Determined not to get carried away with their summer of success, England U-17 coach Steve Cooper said his team’s aim is to work on a long-term plan of winning the World Cup and European Championship at senior level.

England’s 5-2 win over Spain in the Fifa U-17 World Cup final in Kolkata on Saturday capped the Youth teams’ remarkable year. They had won the U-20 World Cup in South Korea earlier this year while their U-19 side had won the European championships.

“This is the development team building for future. Nobody is going to get carried away. The expectations will obviously rise with we being the winners of two World Cups but we have a long term plan, will stick to our plan and always be positive.

“The long term goal is winning the World Cup and Euro at senior level,” said Cooper at the post match conference.

England are looking for their first World Cup at senior level since 1966.

“This trophy is a dedication to the good work done in England, the academies, the development work done at the FA. These players have been in the journey for 3-4 years now. They have been on the path where a lot of work has gone into from different coaches. For me it’s a recognition of the English football, where we wanted to go. That we are the holders now of the U-17 and U-20 World Cups is pretty special,” he said.

In their bid to win the maiden U-17 title, England had kicked off their campaign with a 4-0 demolition of Chile before thrashing the likes of USA and Brazil in quarters and semifinals, pumping in 23 goals in seven matches.

Cooper said the English team showed it was technically a notch ahead of others.

“The results have been amazing, the way we have played, the identity, the belief we showed is second to none. It’s showing the way where we want to go. Our England teams play like that – not one long ball, it’s pass, pass and pass.

“We have a plan that can be used in any game. We showed we can do it at the very best and against the very best. Playing as a team and obviously good individual stuff up the pitch as well,” Cooper said.

Trailing by two goals half an hour into the game, England did not panic. While Rhian Brewster scored before the break, Phil Foden’s brace and a goal each from Morgan Gibbs-White, Marc Guehi not only outclassed Spain but also avenged their Euro final defeat earlier this year in Croatia.

“We beat Spain playing our game. This is how we want to play, England team will typify that. This is doing our thing our way, doing at the biggest stage is so rewarding.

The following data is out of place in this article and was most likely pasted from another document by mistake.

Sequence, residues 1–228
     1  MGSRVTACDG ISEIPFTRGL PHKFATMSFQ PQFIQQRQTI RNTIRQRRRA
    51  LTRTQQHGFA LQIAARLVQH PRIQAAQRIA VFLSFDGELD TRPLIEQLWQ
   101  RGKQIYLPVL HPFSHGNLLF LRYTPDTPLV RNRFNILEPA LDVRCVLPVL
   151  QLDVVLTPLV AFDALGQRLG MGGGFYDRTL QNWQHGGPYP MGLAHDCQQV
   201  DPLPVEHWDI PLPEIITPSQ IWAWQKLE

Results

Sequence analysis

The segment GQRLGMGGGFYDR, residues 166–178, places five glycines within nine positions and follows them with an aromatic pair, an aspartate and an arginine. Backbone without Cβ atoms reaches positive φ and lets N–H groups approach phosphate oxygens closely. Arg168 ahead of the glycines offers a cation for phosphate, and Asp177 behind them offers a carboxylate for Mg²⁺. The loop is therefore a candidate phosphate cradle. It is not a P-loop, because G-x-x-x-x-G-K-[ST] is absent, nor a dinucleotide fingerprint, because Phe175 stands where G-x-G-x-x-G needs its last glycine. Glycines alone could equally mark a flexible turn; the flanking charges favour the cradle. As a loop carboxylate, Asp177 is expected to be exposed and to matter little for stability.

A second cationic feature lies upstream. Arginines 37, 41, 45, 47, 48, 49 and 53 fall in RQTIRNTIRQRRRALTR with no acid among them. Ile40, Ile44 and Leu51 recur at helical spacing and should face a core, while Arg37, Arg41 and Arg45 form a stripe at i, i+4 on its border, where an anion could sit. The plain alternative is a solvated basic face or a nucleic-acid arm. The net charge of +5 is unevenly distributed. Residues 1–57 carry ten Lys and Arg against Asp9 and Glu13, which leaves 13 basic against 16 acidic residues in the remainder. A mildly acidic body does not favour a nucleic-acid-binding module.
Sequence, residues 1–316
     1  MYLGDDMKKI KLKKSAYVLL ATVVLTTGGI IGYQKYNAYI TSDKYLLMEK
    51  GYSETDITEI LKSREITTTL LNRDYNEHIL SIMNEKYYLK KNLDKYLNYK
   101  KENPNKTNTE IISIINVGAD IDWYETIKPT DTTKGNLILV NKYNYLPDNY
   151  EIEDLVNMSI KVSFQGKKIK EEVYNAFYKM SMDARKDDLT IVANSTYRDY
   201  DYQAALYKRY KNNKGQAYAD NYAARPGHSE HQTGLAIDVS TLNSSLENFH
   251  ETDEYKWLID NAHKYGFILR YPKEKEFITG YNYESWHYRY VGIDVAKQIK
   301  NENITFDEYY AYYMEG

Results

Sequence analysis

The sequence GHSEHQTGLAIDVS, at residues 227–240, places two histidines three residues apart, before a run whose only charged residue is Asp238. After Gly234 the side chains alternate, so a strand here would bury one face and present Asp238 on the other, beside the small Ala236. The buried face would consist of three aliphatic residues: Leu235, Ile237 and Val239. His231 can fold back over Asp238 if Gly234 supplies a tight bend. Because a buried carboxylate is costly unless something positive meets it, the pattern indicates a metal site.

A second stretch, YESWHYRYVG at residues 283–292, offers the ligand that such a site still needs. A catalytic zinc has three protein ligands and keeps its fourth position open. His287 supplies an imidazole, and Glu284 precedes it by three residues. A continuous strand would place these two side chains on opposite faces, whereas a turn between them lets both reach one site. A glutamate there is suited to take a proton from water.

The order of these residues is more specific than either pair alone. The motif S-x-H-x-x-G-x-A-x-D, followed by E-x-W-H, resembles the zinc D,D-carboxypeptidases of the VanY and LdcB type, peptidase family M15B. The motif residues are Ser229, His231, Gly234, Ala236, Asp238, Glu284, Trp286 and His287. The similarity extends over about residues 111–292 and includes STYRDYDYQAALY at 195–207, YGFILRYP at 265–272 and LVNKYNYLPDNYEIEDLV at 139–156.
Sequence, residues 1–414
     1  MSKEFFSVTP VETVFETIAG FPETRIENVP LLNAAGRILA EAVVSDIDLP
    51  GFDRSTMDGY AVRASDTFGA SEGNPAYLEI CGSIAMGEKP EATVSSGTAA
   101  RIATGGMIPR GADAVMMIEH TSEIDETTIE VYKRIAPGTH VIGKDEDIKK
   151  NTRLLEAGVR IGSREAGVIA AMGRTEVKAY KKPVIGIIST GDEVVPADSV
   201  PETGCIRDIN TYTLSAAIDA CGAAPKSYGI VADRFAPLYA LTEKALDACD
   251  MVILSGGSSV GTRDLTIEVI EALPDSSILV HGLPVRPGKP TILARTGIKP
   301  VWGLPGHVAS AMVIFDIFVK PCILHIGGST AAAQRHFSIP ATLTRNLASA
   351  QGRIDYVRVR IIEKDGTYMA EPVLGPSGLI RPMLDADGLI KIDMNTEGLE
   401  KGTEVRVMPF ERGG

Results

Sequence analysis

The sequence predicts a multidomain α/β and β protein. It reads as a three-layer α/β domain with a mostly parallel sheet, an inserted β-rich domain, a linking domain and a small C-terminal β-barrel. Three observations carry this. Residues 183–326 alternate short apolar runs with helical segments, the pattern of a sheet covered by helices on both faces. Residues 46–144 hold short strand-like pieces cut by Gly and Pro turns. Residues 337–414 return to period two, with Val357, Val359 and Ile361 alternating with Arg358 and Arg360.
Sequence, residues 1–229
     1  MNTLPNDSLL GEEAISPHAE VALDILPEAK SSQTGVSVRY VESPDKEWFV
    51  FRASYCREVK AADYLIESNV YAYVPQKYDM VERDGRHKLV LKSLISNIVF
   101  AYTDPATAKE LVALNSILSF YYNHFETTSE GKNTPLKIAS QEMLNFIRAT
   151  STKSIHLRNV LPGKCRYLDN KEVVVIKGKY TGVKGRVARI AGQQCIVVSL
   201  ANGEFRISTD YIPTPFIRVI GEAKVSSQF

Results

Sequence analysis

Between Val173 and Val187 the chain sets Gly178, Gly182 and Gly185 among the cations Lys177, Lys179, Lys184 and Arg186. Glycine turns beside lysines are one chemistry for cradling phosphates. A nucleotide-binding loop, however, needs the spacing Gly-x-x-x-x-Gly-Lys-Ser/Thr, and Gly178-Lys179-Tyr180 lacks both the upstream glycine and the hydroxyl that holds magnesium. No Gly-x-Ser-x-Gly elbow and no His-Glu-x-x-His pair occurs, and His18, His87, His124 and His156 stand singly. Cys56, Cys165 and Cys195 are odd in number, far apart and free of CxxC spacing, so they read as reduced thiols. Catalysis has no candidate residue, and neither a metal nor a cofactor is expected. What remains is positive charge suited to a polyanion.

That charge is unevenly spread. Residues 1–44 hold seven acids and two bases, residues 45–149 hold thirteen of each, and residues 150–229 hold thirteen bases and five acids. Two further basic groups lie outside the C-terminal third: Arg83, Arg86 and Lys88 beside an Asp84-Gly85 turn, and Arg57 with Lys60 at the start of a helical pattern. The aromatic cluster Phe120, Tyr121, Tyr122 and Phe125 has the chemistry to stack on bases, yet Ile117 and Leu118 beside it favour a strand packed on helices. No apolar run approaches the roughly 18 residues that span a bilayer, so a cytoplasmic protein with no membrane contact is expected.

“It’s easy to say this now. I really did not think there was real panic. We should have scored in the first minute was it? We were the ones who took the initiative...we pressed a lot higher and played forward a lot more,” said the coach.

“We were even in control of the game being 0-2 down. We stuck to our plan. Halftime talk was positive and we played good football without that cutting edge,” he added.

Cooper said their “surreal performance” spoke volumes about their character.

“The feeling is I’m speechless, a little bit surreal. Might feel a bit better tomorrow once I realise what we have done. We are worthy winners of the tournament, the football that we played, the goals we scored, individual talent, team identity, character and personality.

“0-2 down against the run of play and come back winning 5-3 tells everything about the character of English players.”

Insisting it was a team effort, Cooper refused to single out the winners of the Golden Boot and Golden Ball – Brewster and Foden.

“I can give you 21 stories about 21 players why we won the World Cup,” he said.

Regular captain Angel Gomes started from the bench and was substituted in the 90+ minutes but Cooper said: “Joel (Latibeaudiere) and Angel (Gomes), the non-playing captain, picked up the trophy together without anyone telling them. This typifies the togetherness in our team.

“Foden got the Golden Ball but each of the 21 members have got a gold medal around their neck. I am not the one to talk about individuals.”

He also praised Spain and their coach Santiago Denia.

“I have enormous respect for Santiago. He has an amazing team and players. They would be disappointed but when dust settles they should be proud really proud of their work.”

With their success at the U-17 World Cup, Cooper hoped that they have left a legacy in Indian football.

“Personally I hope a legacy has been left in Indian football. I saw when I came out for draw in July, there was massive interest and passion in the country. It can only be good, supported by investment, coach education. If we have been able to inspire the kids by coming out here, and coaches, supporters we will be satisfied with that. I’m sure some kids in the stadium will start kicking the ball much better.”

Cooper and his team lifted the trophy in front of a sellout crowd of 66684.

“I want to go on record and say thank you India for hosting a real top, top tournament in so many ways. I’ve to say thank you to India.

The six out of seven games we have played out here [Kolkata], it’s been an amazing experience. It’s easy to say that sitting out here. But honestly, whatever happened today, we will go back much better professionals and better England players and staff,” he said.